With all this said, I probably wouldn't have had the motivation/discipline/consistency to keep this schedule 1st time around in school. It is too easy to take it easy for the week or two after exams, then ramp back up to prepare for exams.

    The most common response I hear, "what do you do for fun?" or something like this. My response, #1 this is a busy schedule and isn't to be for 10 year periods of time. This is a 4 month period. Like when a farmer has spring or harvest, he works sunrise to sunset, he works hard during this small window. It is ok to have a brief intense work period in life. #2 I still get about 8-10 hrs of social time per week. This is sufficient for me. I don't need to hang out 20+ hrs per week. Some people need to socialize 4 hrs everyday, I don't. Social time is for the one day off per week (Sunday for me) and Friday/Saturday nights. That is it. M-Fri until 7pm is hustling time, it isn't play time. I guess if you need more playtime M-F then you shouldn't study MCAT during the semester.

    The smartest way to make this schedule work is to work hard early, then take a 2-3 hr break (nap or whatever), then work hard again until late. Winston Churchill followed this schedule.
     
  24. Arsenophilia

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    I know how much everybody loves anecdotal evidence, but...I feel like sharing my experience with studying for the MCAT and taking classes.

    I took the MCAT Sept 12th. I studied for it throughout the summer using EK, but I was also taking 3 upper div Biology classes (Genetics, Mam Phys, Metabolic Biochem). I managed to pull A's in the classes and study for the MCAT throughout the summer. In fact, I was being silly and thought I could take the MCAT at a later date (sometime at the end of Sept) and two weeks before the 12th found out that it was the last day to take it (thank you SDN). My schedule for the MCAT was pushed up two weeks, giving me little time to start FLs. During the last two weeks I spent about half a week studying for my metabolic final and the rest of the time I took practice tests (before this I had just been doing content review). I did about 1 test/day until the last Thursday before my Saturday test. I did 5 Kaplan FL's and AAMC #3.9.10 (my ass was broke). I also managed to squeeze some 101 EK in there. At the end I was averaging 38. :xf: for the 13th.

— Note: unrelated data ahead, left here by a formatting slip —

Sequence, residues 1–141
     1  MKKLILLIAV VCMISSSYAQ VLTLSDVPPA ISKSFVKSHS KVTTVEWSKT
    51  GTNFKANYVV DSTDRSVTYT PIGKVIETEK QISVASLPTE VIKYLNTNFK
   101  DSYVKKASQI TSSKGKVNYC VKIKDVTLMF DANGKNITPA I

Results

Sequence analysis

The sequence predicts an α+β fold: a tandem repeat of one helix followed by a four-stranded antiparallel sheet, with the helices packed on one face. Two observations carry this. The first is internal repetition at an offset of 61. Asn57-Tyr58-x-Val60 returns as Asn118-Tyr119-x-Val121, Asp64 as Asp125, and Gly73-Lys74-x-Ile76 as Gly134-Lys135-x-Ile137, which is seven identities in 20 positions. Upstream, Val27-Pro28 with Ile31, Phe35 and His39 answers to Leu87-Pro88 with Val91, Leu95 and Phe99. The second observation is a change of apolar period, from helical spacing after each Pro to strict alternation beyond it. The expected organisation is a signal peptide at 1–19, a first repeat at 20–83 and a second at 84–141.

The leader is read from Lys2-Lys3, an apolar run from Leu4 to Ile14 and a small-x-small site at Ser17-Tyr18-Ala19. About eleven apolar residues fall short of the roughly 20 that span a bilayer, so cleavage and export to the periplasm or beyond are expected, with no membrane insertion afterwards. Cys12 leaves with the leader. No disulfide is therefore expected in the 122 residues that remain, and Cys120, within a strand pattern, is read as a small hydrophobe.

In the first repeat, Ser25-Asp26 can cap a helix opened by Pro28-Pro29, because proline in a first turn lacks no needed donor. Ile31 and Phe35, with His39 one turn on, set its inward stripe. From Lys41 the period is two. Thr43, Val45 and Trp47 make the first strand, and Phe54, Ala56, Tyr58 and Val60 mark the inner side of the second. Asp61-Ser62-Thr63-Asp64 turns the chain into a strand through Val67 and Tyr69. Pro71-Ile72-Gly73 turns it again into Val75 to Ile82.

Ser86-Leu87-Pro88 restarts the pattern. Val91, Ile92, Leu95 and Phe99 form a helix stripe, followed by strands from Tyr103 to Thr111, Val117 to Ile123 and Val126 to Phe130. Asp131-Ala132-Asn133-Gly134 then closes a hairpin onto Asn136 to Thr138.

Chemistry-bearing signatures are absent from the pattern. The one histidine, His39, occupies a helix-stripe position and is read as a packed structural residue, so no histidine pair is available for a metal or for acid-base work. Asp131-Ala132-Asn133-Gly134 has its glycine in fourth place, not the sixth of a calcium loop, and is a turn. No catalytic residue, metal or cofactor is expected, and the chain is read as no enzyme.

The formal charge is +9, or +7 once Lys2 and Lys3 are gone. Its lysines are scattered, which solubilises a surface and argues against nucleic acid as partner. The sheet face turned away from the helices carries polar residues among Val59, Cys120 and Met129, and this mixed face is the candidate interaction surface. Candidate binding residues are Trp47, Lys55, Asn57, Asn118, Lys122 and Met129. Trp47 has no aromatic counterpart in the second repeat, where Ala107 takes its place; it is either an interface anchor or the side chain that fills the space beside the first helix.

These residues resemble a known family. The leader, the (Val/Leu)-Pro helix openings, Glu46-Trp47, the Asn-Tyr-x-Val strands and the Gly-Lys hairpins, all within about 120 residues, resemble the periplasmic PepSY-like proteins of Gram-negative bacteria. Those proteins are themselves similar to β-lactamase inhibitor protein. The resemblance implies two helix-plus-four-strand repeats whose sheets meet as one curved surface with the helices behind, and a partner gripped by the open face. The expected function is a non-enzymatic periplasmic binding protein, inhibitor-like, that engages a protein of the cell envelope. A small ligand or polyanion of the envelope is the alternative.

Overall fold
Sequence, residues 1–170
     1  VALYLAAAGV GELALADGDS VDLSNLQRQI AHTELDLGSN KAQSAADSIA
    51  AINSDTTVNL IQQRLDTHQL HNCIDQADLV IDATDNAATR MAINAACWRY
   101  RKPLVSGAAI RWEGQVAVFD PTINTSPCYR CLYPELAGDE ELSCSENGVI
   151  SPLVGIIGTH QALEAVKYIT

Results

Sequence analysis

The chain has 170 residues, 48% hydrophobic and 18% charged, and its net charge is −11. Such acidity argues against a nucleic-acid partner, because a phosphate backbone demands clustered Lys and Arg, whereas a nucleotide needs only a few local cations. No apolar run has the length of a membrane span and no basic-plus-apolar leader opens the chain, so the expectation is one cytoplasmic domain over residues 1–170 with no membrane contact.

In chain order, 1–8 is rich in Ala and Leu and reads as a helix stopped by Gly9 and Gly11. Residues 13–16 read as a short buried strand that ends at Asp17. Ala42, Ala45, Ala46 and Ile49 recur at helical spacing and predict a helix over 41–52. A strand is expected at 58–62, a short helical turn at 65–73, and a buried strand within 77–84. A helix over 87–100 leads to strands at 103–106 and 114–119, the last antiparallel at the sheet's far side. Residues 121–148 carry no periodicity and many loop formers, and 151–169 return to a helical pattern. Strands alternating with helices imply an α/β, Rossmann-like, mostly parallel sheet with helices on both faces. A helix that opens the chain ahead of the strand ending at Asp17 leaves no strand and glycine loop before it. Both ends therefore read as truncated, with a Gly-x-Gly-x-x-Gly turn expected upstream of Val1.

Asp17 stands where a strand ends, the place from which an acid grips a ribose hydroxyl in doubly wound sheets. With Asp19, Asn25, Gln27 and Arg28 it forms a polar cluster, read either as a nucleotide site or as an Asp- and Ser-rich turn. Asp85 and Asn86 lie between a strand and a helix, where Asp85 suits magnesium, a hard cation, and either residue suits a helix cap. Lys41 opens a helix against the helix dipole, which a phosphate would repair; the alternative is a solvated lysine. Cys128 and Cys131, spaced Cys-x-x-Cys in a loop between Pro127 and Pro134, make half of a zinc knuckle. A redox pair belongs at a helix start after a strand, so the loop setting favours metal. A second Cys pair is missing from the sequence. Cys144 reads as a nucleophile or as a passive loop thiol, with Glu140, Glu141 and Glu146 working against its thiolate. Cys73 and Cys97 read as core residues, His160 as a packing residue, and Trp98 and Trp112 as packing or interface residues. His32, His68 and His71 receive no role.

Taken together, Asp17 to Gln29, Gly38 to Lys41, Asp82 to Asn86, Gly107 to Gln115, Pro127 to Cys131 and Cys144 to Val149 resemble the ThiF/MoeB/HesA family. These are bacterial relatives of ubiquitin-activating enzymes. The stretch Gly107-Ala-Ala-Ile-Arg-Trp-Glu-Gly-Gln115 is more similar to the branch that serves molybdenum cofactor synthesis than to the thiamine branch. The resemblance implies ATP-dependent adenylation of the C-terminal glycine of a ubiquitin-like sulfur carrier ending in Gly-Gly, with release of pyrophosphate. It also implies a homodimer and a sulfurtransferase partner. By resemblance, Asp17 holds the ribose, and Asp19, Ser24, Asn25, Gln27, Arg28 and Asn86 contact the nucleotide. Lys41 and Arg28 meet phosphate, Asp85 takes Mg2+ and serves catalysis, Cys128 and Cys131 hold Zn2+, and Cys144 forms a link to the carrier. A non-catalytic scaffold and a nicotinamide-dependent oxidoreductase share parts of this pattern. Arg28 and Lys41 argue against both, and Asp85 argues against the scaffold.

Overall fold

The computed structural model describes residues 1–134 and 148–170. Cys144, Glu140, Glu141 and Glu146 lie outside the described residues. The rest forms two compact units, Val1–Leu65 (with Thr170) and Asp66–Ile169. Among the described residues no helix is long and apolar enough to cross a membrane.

Things to take away:
    1. I know, I know. This is just one example. But this is my experience with double dipping. Doesn't work for everybody.
    2. I wasn't working, I spent less than 6 hours a week in lab and I didn't party every night. That usually helps manage doing both at the same time.
    3. It helps to take classes that are important for the MCAT while studying for it. I was fresh out of ochem, physics and biology so i was at the top of my game. In fact, I had 2 passages on the kidneys which thanks to mam phys I finally understood.

    Doesn't work most of the time, but if you can free up your schedule enough you can probably do it.
     
  25. 3 point 14

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    I am doing the school/mcat thing this semester. I am taking the test Jan 30th, and my school ends for 1 month in mid-Dec so I have a whole month of just mcat prep. My current schedule for the semester looks like this: